The emissions from the EU manufacturing sector fell by 37% between 1990 and 2017. Noticeably, process emissions, which in 1990 contributed a third of total GHG emissions, decreased much slower (-22%) than emissions from energy consumption in the industry sector (-45%). The 1.5°C compatible scenarios show a wide range of decarbonisation pathways for the sector. According to the scenarios with high reliance on carbon dioxide removal (CDR), process emissions will decrease much faster than emissions from energy consumption – by 78% and 19% respectively. Most of the remaining scenarios, e.g. high energy demand, low CDR, see slightly faster reduction in emissions from energy consumption (around 30%) than process emissions (19%). Almost all scenarios analysed in this project show a significant reduction in total emissions from the industry sector in the subsequent decades, with close to full decarbonisation of energy demand reached between 2040 and 2048. The analysed 1.5°C pathways show an almost doubling of electrification rate of EU’s industry sector, from 33% in 2019 to at least 63% in 2050. In May 2021, the EU published an updated industrial strategy however not providing concrete measures which would lead to higher electrification but rather ‘designing’ transition pathways for the sector.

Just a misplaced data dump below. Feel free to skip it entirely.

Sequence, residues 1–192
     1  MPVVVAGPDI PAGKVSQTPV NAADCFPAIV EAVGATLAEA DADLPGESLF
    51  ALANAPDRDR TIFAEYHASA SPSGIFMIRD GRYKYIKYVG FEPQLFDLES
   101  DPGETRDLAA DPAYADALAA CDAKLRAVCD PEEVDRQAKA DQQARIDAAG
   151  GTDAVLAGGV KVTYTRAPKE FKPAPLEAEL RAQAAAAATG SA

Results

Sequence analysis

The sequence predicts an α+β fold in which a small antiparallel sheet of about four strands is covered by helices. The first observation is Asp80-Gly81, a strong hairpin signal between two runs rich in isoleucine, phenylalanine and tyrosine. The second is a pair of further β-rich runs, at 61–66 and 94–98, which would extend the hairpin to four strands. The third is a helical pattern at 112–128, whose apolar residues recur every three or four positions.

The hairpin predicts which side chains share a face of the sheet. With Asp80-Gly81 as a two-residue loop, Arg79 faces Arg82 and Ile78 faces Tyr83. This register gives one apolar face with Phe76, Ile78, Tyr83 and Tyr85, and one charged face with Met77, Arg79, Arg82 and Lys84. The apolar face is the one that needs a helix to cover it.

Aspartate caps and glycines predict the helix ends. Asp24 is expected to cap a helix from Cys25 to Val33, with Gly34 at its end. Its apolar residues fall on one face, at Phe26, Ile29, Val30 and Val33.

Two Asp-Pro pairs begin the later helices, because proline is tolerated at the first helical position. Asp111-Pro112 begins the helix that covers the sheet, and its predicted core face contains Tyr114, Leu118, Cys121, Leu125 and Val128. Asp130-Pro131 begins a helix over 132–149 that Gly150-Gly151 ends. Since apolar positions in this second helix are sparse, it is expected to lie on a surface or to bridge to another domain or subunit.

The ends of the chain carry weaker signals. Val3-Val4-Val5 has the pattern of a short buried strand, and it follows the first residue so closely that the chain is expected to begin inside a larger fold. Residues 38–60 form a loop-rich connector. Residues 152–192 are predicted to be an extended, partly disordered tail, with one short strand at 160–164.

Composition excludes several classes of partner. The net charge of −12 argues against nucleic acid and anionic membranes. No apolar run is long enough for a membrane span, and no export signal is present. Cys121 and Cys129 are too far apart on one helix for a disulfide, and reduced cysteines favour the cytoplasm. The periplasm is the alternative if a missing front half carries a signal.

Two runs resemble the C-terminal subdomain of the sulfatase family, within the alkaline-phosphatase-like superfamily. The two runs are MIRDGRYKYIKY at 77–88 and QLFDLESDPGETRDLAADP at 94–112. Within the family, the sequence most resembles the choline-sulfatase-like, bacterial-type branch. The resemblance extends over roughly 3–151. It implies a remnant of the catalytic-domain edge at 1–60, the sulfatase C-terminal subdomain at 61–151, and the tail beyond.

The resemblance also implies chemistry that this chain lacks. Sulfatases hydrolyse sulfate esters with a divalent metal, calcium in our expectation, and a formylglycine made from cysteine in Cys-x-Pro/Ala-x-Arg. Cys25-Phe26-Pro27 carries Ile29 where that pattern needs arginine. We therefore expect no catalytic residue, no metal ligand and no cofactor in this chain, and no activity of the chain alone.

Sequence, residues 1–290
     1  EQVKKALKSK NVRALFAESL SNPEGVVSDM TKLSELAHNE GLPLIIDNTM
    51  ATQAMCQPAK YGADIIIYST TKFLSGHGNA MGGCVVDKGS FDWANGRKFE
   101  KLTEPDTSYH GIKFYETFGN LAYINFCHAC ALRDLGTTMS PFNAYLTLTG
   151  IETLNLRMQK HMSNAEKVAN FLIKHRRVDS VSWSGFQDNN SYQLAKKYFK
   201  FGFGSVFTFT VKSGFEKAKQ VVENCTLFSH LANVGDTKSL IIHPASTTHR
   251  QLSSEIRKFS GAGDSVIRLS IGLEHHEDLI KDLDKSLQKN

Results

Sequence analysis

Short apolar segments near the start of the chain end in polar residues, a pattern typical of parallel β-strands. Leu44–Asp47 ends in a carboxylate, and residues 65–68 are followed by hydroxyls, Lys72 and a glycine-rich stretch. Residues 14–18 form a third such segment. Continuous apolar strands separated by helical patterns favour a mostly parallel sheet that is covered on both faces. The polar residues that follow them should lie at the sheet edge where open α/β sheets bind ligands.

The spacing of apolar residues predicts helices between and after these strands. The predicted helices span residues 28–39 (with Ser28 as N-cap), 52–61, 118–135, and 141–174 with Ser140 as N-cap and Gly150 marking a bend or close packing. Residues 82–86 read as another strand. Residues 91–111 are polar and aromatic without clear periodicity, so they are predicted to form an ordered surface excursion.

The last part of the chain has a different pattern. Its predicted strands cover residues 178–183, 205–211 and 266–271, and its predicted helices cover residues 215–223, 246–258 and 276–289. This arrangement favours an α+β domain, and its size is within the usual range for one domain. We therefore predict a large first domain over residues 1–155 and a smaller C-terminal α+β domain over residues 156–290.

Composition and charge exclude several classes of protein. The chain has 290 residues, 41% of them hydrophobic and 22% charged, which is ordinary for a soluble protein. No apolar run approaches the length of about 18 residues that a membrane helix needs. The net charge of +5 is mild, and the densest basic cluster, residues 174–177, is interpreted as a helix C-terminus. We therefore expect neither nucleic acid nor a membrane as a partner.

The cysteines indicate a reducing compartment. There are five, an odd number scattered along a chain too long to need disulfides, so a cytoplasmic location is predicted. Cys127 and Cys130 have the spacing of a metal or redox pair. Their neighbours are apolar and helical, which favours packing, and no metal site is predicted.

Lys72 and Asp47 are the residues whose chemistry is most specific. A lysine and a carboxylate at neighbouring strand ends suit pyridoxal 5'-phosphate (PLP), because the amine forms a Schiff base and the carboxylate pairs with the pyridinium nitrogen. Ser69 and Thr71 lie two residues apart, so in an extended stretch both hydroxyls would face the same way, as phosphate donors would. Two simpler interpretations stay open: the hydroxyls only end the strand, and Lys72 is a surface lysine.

In the EU, the industry sector is covered by the Emissions Trading System (EU ETS), however, the sectors that could potentially be affected by carbon leakage receive a portion of their emissions allowances for free. The implementation of a Carbon Border Adjustment Mechanism, as recently suggested by the European Commission, if implemented, would result in a steady removal of free allowances. When combined with the funding for deployment of low carbon technologies in the framework of the Innovation Fund, removing the free allowances may result in a significant reduction in emissions from this sector in this decade.
While technologies to almost completely decarbonise some of the most carbon intensive sectors exist, such as steel production using green hydrogen, the speed of their deployment is uncertain, despite some positive developments.